General 6-21-2005

Letters from a Writer: Saving the World, Sort Of

Jean Sramek wrote the script for "Phantom of the NorShor," performed by Colder by the Lake in Duluth. This series of columns has followed the fates of that show. Here she evaluates the whole damn thing: Was it worth it? Did it do what it was supposed to?

Jean Sramek

I’d like to lock all the Creative Artists in the world in a medium-sized room and pump in a sufficient quantity of sodium pentathol. Then they’d fess up: all the stuff in the narratives for their arts project grants is a sack of lies.

Maybe lies is too strong a word. Let me qualify. In a lineup of these chemically-honest Creative Artists, pick out any five. Ask them to read their grant narratives to you, specifically the sections where they answer the question “How will this project impact the funding region and serve its population?” The five answers will be along the lines of:

  1. 1. The concerto will virtually re-invent the quarter note.
  2. 2. Rehearsal spaces and classrooms will be fully renovated using recycled fair-trade hemp flooring and photovoltaic-powered glue guns.
  3. 3. Our audiences will examine their relationships to historic places.
  4. 4. Area high school fine arts programs will receive more attention than hockey.
  5. 5. My paintings will wipe out smallpox and tuberculosis and reduce urban poverty by 38%.

Then ask them whether any of those things are actually going to happen. Ask them again: “How will this project impact the funding region and serve its population?” under the influence of truth juice. They’ll probably say:

  1. 1. I don’t know.
  2. 2. Maybe my old girlfriend will come to the opening and see how much weight I’ve lost since college.
  3. 3. If we don’t get this grant, we’ll have to use those lame Microsoft Word templates for the poster and flyers, instead of hiring a real designer.
  4. 4. Please don’t make me do a projected budget again. I beg of you.
  5. 5. Dude, you shouldn’t use “impact” as a verb. It’s totally wrong.

If any of the nice people from Minnesota’s regional arts councils or community foundations are reading this, please understand that we are not misrepresenting our projects, our organizations, or ourselves in our narratives, nor are we misusing the funds so generously given to us. Most art is made without any grant funding, and those artists play the very same game. We plan to do big things. The reason we do what we do, we tell ourselves, is to save the world. Starting with this show/installation/concert/piece/initiative, we’re going to save the world. We really believe we can.

We can’t. No matter how hard we try, no matter what intended or accidental good comes out of the art we create, we can’t save the world. And so we feel like phonies and liars.

Maybe we’d feel less desperate, less discouraged about not saving the world, if we didn’t worry about it. In Douglas Adams’ acclaimed Hitchhiker’s Guide to the Galaxy series, humans fly; as Adams brilliantly wrote, “flying is simply a matter of throwing oneself at the ground … and missing.” Even as we fail to save the world with our shows/installations/concerts/pieces/initiatives, we usually do some other things we didn’t expect to.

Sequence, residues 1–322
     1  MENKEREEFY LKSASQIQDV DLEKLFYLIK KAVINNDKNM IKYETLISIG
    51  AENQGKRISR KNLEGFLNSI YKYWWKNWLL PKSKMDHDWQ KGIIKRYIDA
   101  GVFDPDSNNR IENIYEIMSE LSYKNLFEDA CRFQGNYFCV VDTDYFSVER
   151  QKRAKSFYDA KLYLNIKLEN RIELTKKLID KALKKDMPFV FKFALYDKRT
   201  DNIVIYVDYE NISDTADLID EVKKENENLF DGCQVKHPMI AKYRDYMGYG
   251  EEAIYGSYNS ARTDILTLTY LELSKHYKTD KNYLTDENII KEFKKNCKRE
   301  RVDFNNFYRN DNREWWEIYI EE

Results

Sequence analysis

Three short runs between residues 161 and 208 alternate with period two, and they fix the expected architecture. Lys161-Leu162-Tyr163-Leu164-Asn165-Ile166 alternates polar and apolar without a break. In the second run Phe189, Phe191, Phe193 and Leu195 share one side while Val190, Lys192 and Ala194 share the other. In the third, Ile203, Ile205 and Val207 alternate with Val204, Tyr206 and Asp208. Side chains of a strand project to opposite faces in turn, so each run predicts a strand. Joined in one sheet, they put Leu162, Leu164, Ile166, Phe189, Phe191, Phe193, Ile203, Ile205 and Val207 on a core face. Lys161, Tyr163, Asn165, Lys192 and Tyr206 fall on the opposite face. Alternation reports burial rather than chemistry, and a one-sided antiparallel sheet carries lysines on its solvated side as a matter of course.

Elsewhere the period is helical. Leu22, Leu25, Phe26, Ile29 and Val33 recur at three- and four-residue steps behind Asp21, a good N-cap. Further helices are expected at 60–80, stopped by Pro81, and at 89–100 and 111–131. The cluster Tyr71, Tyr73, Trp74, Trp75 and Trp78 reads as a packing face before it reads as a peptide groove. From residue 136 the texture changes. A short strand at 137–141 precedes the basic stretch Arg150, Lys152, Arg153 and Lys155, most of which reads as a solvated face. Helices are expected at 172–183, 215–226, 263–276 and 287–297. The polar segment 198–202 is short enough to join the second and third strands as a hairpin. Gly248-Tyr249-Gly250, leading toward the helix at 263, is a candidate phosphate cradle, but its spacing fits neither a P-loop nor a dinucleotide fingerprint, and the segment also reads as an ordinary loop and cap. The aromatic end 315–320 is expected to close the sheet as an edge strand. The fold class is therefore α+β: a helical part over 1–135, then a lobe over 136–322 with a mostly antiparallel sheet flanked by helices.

If you gave me the truth serum (I don’t recommend ever doing this, by the way—I truly enjoy using swearwords and most of the time I am consciously suppressing them in order to avoid scaring the neighbor kids, my in-laws, and my husband’s Aunt Lois) about my recent grant narratives, using the examples above, my answers would be:

  1. 1. (Quoted from application) Our audiences will examine their relationships to historic places.
  2. 2. (Truth) People who see our show will laugh, cry, and be tricked into writing big checks to the NorShor Theater, and maybe it won’t crumble into dust and we can continue to do shows there if we want to.

People who came to see Phantom of the NorShor laughed (a lot). They cried (I saw them). And even though the general reaction to the show can best be summed up by a congratulatory email I received from my friend Katie (“The show was so funny, Jean. I will be giggling for a long time. And persuasive … we are more painfully aware of those losses and potential losses thanks to your good work. Tim and I wanted to empty our bank accounts for the NorShor but thankfully regained our senses by the time we got home”), a handful of people, after seeing our show, did express a tentative yet sincere interest in the financial bailing-out of the NorShor.

We didn’t save the world. Hell, we didn’t even save the NorShor. The place is still a dump and needs a kabillion dollars in renovations. The programming and concessions are mismanaged by everyone from savvy concert promoters to provincial goofballs. A month of rehearsals in the building—inadequate lighting, arguments with the staff, secondhand smoke, a veneer of vintage grime on everything—resulted in fatigue and weird respiratory infections among our cast and crew. Its fate, along with the fate of so many other special places in our community, is still uncertain.

When Phantom of the Norshor was over, and we had packed away our unwieldy props and set pieces, and the non-proverbial dust had settled, a truth flashed neon. We had done everything we set out to do. Make people laugh? Check. And cry? Check. Make them write checks? Check. Audiences examining their relationships to historic places? Check, check, a million times check.

Senior citizens pressed their hands into ours after the curtain call and said, “I haven’t been here in decades but I still remember when this place was new.” Smart people pointed out allegories and themes and underlying messages in our script and score, told us we were making important points that even we didn’t know we were making. Others, tears in their eyes, simply said, “Thank you.” But we didn’t save the NorShor and we sure didn’t save the world. Did we fail? Nope. We just threw ourselves at the ground and missed.